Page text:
Belarus Engages Ukraine, Moldova, Improves Ties with EU and US – Foreign Policy Digest

The summer holidays proved to be productive for the relations of Belarus with both "old" and "new" Europe.

Foreign minister Vladimir Makei ended a continued pause in high-level contacts with Belarus' southern neighbour by an unconventional five-day long visit to Ukraine in mid-August. There, he took the risk of enraging Russia by meeting its mortal foe Mikheil Saakashvili in Odessa.

The EU Council significantly reduced its sanctions list against Belarus on 31 July and a US congressional delegation came to Minsk two days later. In exchange, Minsk agreed to discuss human rights with its Western partners, seemingly ending a long tradition of denial of any major problems in this sphere.

Will Minsk's diplomacy manage to continue befriending Russia's foes without alienating its main sponsor until right after the October presidential election?

Step-by-Step Cooperation with the West

On two separate occasions in July, the EU Council removed 26 persons and 4 companies from its Belarus' sanctions list. On 3 August, the Belarusian foreign ministry called this decision "a step in the right direction yet insufficient" and conditioned the normalisation of relations between Belarus and the European Union by the full withdrawal of restrictions.

On 28 July in Brussels, Belarus and the EU held the first round of a human rights dialogue at the level of experts. Two months earlier, on 14 May, Belarus conducted similar consultations with the United States in Washington, DC.

On 2 – 4 August, a three-person US congressional delegation led by Dana Rohrabacher, the chairman of the subcommittee on Europe, Eurasia and emerging threats visited Belarus. In Minsk, the congressmen met with President Lukashenka, deputy foreign minister Alexander Guryanov, and National Bank chairperson Paviel Kalavur. The parties discussed bilateral relations, human rights and democratisation issues, the state of the Belarusian economy, and regional security, including the crisis in Ukraine.

Belarus implements a step-by-step agreement with the West in the run-up to the election

These decisions and meetings hardly represented a chaotic chain of events. They manifest specific agreed steps in the step-by-step strategy adopted by Belarus and its Western partners in the run-up to the 2015 presidential election. In the near future, one should expect more similar events. The release of Mikalaj Statkievich, the most prominent political prisoner in Belarus, at which Lukashenka hinted during his interview to independent media outlets on 4 August, may become one of the key items in the list.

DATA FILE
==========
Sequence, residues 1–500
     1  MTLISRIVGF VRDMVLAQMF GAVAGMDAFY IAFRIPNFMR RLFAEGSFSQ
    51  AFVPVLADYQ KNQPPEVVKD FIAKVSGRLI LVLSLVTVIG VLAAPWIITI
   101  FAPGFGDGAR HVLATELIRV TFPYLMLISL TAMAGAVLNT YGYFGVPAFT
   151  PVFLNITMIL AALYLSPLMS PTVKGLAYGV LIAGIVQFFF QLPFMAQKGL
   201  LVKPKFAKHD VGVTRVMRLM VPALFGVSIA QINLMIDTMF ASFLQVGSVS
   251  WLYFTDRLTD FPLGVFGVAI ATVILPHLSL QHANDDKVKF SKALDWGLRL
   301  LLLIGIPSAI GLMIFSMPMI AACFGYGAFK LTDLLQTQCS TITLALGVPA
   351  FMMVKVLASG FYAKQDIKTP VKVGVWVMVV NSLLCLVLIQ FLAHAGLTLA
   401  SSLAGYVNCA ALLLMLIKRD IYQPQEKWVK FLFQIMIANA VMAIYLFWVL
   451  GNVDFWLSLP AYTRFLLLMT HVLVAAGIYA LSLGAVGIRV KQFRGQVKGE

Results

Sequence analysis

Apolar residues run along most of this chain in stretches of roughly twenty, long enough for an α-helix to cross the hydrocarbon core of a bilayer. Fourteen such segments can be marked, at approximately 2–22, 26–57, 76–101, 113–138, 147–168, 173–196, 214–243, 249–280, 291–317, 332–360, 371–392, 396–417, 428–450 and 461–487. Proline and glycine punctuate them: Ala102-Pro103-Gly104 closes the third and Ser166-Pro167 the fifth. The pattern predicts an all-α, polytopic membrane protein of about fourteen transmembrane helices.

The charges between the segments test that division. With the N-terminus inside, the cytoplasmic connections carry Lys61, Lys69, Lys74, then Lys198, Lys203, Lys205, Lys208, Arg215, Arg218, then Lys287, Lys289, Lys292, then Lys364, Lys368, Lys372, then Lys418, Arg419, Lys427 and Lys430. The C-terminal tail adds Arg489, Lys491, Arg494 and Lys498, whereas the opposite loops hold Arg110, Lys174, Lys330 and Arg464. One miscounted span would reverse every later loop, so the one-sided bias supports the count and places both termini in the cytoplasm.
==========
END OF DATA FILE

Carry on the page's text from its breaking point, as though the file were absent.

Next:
Ukraine: Trade, Peace-making or Both?

Belarusian foreign minister Vladimir Makei surprised many observers with his unusually long 5-day visit to Ukraine. Belarusian media provided scarce coverage to this trip, which took place on 12 – 16 August. The fact that public opinion in Belarus predominantly sympathises with Russia in its conflict with Ukraine may explain this discretion.

In Kyiv, Vladimir Makei met with his counterpart Pavlo Klimkin and Ukrainian president Petro Poroshenko. The parties claimed to have discussed a wide variety of issues, from cooperation in international organisations to joint projects between Belarusian and Ukrainian regions.

Two issues clearly dominated in the visitors' agenda: the conflict in southeast Ukraine and trade relations. The Belarusian minister seized the opportunity to re-emphasise Belarus' merits in the peace process. However, he took care to restrict the country's role to technical and logistic support for the negotiations, stressing that Belarus had no ambitions as a peacemaker.

Belarus unequivocally recognises Donetsk and Luhansk as an integral part of Ukraine

Makei's insistence on the need of strong adherence of all parties in the conflict to the Minsk agreements served to avoid unduly worrying or alienating Russia. At the same time, answering a question from a Ukrainian journalist, he unequivocally recognised Donetsk and Luhansk regions as an integral part of Ukraine.

The visit's topmost priority was the trade relations between the two countries. In 2014, Ukraine was Belarus' second-biggest export destination. The war in Ukraine and the economic crisis in the region led to a 46.2% drop in Belarusian supplies to this country in the first half of 2015. Belarus has lost almost one billion dollars in export revenues in this single relationship.

Three weeks earlier, on 24 July, Belarus and Ukraine already discussed the alarming downfall in mutual trade at a meeting of the bilateral trade and economic cooperation commission in Chernihiv, Ukraine. The two countries decided to draft "road maps" of cooperation in the spheres of manufacturing cooperation, energy, transports and logistics.